Cathy Crowe




Newsletter No. 17, November 2005


I've been a street nurse in Toronto for 16 years. In the spring of 2004 I received the Atkinson Economic Justice Award which permits me to pursue, for up to three years, my passions for nursing and working on homelessness and housing issues.  In this newsletter I hope to report on my activities, create a link to a broader group of individuals who care about these social issues and encourage critical debate.

Further information about subscribing to the newsletter is found below.  I want to hear from you - about the newsletter, about things that are happening in the homelessness sector (what a sad term!), and about good things which will provide inspiration for all of us.


A Canadian in the Adirondacks

I have been away in recent weeks so I haven't been following housing/homeless issues. I'm spending 4 weeks at the Blue Mountain Center at Blue Mountain Lake, New York in the Adirondack Mountains. The Center exists to provide a peaceful and comfortable environment to work, free from the distractions and demands of normal daily life. I'm here working on a book and hopefully you'll hear more about that in months to come.

This is a cell phone free zone, and I've decided not to use the one payphone that does exist, so I can make a clean break and concentrate. There is limited, and I mean very limited internet access, and the only newspaper that arrives daily is the New York Times, which is VERY popular with the Americans. I really missed Canadian news, so I was pretty excited to get my first letter, from my mother, full of news clippings with her red underlining and editorial commentary in the margins.

From the clippings, I was happy to see the release of Toronto's Vital Signs, 2005, the City's annual report card ( Let's hope it will spur decision makers to deal with some of the City's real problems, like the high number of smog days that contribute to approximately 1700 premature deaths and 6,000 hospital admissions annually.

I was thrilled to learn that 2 Murray Street, a new housing project in Toronto, has been named Vance Latchford Place, commemorating a Regent Park housing activist who died last year. I knew Vance for over 20 years and it's a well-deserved tribute to him. He was a tenacious and loveable advocate for tenants.

I was not happy to see a Toronto Star editorial refer to "misguided" activists (read: doctors and nurses) who, in their "publicity stunt" (read: clinics) were assessing low-income people for the special diet allowance. How short-sighted can they be, I know that nurse Dorothea Palmer was considered worse than "misguided" when she began dispensing birth control information in the 1930s outside of Ottawa.

I was DEEPLY alarmed to learn of the 17 deaths of seniors in a Toronto nursing home from Legionnaire's Disease. It seems, from what I'm reading, there are concerns about the public health management and the media coverage of this outbreak. Two weeks ago this story was front-page news in the United States. What happened in Canada?

Why am I mentioning Legionnaire's Disease? It's just one more example of what can go wrong when people are forced to live in congregate settings. It is just a mater of time before an outbreak like this hits one of our shelters, and I don't think it would stay isolated to that location.

Ironically, I'm not far from the Lake George tragedy, where 21 elderly Americans drowned aboard a New York cruise boat. This event dominated the news, both Canadian and American. Both of these tragedies affected seniors, which makes me wonder what the reaction would have been had they been poor or homeless people?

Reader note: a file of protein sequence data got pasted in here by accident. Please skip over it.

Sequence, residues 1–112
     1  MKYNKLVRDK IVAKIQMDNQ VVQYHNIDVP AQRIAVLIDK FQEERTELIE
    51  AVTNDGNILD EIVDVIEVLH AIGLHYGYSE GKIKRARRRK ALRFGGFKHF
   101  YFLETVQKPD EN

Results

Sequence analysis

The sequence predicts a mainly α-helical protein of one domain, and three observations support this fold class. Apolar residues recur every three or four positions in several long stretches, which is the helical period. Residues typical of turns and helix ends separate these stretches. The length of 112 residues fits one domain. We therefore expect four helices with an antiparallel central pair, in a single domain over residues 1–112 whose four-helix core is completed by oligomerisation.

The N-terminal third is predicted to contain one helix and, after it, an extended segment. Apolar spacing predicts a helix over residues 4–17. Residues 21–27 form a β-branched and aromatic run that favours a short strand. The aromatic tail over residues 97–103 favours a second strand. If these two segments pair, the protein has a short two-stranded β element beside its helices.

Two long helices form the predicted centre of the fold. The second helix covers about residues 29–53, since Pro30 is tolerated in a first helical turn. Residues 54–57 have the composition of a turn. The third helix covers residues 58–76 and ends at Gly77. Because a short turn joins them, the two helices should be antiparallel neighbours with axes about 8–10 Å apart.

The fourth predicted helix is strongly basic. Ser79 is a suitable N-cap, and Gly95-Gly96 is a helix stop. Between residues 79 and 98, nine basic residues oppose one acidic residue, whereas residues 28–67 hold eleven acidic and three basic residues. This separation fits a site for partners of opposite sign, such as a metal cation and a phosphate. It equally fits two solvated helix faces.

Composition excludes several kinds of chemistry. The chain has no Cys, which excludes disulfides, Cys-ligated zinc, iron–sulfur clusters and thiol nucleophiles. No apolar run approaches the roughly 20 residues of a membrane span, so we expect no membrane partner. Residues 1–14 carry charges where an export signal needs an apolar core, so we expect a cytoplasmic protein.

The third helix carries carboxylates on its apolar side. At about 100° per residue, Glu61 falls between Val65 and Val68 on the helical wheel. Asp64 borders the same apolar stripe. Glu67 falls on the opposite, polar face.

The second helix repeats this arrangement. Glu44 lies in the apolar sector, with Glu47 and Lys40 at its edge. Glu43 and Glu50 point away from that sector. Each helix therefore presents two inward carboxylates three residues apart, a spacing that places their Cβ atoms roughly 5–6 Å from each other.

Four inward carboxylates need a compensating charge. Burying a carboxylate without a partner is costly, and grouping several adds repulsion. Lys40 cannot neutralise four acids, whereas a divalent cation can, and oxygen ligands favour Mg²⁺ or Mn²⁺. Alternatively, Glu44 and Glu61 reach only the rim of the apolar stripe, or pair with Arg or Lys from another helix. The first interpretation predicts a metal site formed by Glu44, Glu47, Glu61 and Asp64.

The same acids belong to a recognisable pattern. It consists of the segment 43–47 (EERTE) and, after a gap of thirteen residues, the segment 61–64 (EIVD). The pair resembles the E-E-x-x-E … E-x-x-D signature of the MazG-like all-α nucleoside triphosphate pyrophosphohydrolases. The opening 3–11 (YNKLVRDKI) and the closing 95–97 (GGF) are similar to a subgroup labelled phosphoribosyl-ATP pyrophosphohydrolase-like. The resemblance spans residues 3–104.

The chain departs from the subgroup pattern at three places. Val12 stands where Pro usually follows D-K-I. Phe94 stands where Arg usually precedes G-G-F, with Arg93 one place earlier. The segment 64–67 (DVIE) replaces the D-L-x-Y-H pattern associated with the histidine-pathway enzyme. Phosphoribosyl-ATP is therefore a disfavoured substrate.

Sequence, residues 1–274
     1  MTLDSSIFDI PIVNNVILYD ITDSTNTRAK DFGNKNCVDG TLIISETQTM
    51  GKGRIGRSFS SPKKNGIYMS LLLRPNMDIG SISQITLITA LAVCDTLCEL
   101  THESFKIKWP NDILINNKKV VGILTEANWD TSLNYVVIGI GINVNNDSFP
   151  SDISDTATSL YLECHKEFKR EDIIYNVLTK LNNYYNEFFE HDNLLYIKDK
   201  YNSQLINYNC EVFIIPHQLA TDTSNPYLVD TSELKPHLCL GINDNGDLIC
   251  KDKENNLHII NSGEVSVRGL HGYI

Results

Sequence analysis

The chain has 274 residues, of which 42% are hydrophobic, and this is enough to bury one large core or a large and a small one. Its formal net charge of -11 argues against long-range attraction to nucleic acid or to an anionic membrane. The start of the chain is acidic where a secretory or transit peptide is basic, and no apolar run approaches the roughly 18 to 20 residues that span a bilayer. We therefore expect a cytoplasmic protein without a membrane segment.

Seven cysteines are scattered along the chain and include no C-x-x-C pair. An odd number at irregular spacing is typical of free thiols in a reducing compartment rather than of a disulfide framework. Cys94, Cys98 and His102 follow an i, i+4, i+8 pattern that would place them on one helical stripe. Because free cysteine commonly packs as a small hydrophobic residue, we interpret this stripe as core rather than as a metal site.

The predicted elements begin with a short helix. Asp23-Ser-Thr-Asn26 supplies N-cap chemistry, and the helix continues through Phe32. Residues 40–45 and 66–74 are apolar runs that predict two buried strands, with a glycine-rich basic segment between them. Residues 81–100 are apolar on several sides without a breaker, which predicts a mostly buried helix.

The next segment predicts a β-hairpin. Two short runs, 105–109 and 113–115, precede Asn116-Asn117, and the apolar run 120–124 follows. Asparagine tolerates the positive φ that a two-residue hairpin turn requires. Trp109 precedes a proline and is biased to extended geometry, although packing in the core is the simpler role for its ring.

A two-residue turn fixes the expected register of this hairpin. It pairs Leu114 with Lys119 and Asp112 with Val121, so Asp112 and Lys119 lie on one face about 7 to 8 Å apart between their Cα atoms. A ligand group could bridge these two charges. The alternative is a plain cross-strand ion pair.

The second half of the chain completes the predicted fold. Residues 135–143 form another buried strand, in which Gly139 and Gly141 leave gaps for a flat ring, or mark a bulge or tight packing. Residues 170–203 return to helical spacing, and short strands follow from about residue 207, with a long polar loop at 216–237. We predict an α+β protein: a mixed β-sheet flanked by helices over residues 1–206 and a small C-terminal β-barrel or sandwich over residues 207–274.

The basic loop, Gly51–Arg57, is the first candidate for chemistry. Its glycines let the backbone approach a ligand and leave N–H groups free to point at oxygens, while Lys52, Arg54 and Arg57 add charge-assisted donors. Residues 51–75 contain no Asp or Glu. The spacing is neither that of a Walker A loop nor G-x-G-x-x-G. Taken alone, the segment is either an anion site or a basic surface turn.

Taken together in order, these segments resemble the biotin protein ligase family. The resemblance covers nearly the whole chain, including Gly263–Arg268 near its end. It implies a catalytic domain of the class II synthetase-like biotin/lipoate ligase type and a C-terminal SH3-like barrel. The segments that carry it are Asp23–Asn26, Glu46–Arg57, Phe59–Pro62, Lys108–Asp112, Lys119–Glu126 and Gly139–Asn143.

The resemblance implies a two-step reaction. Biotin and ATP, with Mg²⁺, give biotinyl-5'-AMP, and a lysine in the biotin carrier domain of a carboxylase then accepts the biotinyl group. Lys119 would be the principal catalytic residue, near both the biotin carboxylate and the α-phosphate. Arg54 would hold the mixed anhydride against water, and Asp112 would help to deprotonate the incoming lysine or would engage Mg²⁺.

Now back to the Adirondacks. I'm the only Canadian here. There are 14 residents, 12 American, 1 Columbian who lives in the States, and me. They are here to paint, work on a screenplay, a film, edit a book on human rights, write poetry and oral histories, write a book on social security, create music, a photographic essay and an anti-recruiting comic. We work mostly in solitude during the day and come together for a community meal each evening. You can imagine how lively the conversation can be!

Opportunities for long hikes, canoeing, and exploring Adirondack history are endless. These are kind and caring folks, who seem envious of Canada's health care system, shocked by our state of homelessness, and who frequently remind me they are glad that we're their neighbour. It's been an honour for me to be in their midst.

I'll leave you with a little bit of Adirondack lore, from the Adirondack Museum in Blue Mountain Hamlet, just to let you know that homeless issues are never far from my mind:

"We were cuttin' wood for the Newton Brothers at Raquette Lake....the goddamn bedbugs were so thick on the bunks they were hung all on haywires, each of the  four corners of the bed. And still they'd run the ceiling and jump on you, them friggin' body lice as big as that....."


Happy National Housing Day, November 22

Maybe in honour of the day you could write your MP and Housing Minister Joe Fontana and ask where's the housing?


Subscribe to this newsletter

I plan to publish this newsletter regularly. If you receive this newsletter directly, then your address is already on our mailing list; otherwise, to subscribe or unsubscribe, send a note to . For more information on my work including this and other editions of my newsletter please visit my web page at

There is no charge for this newsletter. Please forward it to your friends and others who you think may be interested in it. I value your feedback and ideas. Please share them with me at or c/o the Sherbourne Health Centre, 365 Bloor Street East, Suite 301, Toronto, ON, M4W 3L4.


Photo: Cathy Crowe at the Federal-provincial-territorial meeting in Gatineau with members of FRAPRU; Photo by Danielle Koyama



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